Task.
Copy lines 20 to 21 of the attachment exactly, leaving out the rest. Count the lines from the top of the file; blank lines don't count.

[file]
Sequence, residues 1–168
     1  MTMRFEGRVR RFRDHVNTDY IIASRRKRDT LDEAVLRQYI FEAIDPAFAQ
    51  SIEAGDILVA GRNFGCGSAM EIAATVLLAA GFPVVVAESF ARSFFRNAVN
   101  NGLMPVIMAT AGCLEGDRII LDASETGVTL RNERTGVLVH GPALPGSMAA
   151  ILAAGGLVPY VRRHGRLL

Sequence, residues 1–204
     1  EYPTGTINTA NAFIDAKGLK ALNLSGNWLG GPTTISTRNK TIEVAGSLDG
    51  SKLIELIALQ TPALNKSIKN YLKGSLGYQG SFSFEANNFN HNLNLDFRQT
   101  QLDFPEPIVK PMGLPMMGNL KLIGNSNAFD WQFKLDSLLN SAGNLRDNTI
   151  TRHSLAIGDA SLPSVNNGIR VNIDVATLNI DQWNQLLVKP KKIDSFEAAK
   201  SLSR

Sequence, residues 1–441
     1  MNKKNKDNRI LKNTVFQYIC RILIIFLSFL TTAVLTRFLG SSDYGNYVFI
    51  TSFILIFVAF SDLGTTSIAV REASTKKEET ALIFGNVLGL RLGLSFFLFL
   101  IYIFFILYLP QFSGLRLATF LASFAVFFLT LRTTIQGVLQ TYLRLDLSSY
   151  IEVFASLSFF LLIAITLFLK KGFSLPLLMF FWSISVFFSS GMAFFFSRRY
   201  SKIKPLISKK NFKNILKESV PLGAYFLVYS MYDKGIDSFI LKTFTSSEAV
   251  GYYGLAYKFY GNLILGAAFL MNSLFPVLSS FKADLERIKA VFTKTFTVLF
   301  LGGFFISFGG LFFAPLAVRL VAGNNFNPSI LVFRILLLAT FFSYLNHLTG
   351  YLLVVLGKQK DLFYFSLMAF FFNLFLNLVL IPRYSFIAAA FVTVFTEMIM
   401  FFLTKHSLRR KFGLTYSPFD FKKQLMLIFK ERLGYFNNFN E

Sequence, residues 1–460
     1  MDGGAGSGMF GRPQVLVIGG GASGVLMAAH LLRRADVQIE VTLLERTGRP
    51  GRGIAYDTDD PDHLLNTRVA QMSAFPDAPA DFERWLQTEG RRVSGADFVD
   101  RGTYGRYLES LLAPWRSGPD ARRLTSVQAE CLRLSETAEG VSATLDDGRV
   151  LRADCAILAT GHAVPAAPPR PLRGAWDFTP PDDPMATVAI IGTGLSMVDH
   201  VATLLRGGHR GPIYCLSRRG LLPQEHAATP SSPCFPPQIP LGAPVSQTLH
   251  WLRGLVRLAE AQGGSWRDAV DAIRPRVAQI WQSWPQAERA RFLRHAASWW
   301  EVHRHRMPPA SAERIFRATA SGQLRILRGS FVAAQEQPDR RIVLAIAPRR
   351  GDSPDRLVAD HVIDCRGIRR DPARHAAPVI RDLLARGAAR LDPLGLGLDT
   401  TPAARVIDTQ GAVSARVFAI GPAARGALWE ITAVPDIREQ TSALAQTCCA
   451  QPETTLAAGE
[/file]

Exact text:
   351  YLLVVLGKQK DLFYFSLMAF FFNLFLNLVL IPRYSFIAAA FVTVFTEMIM
   401  FFLTKHSLRR KFGLTYSPFD FKKQLMLIFK ERLGYFNNFN E